ADHD and Retirement Planning. Yes, Really!
There are two things I want to discuss related to ADHD and retirement. The first is financial preparation, and the second is retirement as a life stage that can present problems to many people, and the types of things to think about regarding retiring with ADHD.
Managing your finances can be a tough task when you have ADHD. You might find that skills like organising and planning (think budgeting) can be a struggle, and impulsivity can make it easy to spend more money than you should, making it tough to save. Unfortunately, people with ADHD tend to earn less money on average and change jobs more frequently than neurotypical people. They're also less likely to get promoted, partially due to changing job more frequently. This can all add up to be a real financial disadvantage. And then there is the ADHD tax, which refers to all the extra expenses and costs associated with having ADHD that neurotypical people don't have to deal with as often (think late fees and forgetting to cancel subscriptions).
Luckily, in New Zealand, we have the Kiwisaver scheme which I believe can be especially beneficial for those with ADHD. Being in the scheme requires almost no effort and the money requires no willpower to save as it doesn't hit your bank account. Kiwisaver funds can be withdrawn to help pay a deposit for your first home or retire with more to live on than the pension. The good news is that you don't have to be a finance expert to make the most of Kiwisaver. Simply setting it up correctly at the start and then forgetting about it is a perfectly acceptable way to manage your investment. Here are two helpful resources that can aid in planning for retirement and understanding Kiwisaver:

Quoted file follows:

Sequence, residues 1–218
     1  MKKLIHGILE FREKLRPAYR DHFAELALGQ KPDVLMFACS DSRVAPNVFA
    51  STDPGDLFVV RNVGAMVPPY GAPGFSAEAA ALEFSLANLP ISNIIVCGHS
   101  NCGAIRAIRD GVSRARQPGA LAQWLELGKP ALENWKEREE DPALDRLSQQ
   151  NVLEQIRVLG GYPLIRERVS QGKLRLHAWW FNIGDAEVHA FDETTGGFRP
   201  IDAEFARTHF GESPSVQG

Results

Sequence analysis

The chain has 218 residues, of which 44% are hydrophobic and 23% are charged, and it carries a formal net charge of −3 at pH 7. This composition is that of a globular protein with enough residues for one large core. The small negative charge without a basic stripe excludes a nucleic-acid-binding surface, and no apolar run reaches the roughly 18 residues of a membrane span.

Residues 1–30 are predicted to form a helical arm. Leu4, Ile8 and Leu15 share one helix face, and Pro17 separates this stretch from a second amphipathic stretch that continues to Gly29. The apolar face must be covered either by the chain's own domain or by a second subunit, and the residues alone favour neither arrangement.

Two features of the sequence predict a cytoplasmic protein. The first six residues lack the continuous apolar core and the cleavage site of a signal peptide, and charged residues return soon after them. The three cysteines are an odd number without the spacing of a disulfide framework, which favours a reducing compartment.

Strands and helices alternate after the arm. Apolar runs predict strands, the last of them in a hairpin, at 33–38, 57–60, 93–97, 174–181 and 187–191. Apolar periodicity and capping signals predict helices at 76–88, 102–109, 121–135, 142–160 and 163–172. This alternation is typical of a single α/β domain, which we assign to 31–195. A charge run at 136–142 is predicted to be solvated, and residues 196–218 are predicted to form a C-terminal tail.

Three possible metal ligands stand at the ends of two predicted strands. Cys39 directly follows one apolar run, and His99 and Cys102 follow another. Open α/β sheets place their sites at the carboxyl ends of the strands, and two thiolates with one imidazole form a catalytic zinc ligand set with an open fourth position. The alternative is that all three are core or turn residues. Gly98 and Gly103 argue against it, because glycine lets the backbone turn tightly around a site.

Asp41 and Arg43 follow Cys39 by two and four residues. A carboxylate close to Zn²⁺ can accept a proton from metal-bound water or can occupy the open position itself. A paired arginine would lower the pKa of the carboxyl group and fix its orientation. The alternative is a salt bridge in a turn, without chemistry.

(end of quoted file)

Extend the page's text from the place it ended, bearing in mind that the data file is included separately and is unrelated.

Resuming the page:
In my previous job at the older persons mental health service, almost every client I worked with was retired. Some common pitfalls to retirement became evident. Some people became depressed following retirement. Some didn't make any plans about their post-retirement life and just thought it would all fit into place. Some went from working full-time to stopping all work without any transition. Some realised they didn't really want to be spending that much time at home with their spouse (a tricky realisation). Retirement can be a wonderful time if the conditions are right. Below are some suggestions for planning retirement as a person with ADHD:
See if you can transition gradually from work to retirement, which gives you time to set up new routines while you still have some work structure.
Pay attention to daily routines, as there will likely be fewer natural prompts in the environment once work is finished. Try to keep consistent sleep and wake times, eating, and exercise. These routines form the basis of a well-regulated and healthy lifestyle.
Think about joining some regular activities. This can be attendance at community groups, church, repeating dates with friends, or attending lessons for a new skill. Having activities planned gives you something to look forward to and helps to provide structure to your day.
Make sure some of your activities are social activities. Regular social activities increase mental health and help to decrease the risk of dementia in older adults.
Don't think that you have to stop ADHD medication because you've stopped work. Stimulant medication is safe into old-age for most people, and can help with your ability to organise the above-listed activities.
Now imagine a retirement where you've set up a saving plan years (or decades) in advance, and where you've planned your time well to allow for fun and for rest. It is possible, it just takes a little planning.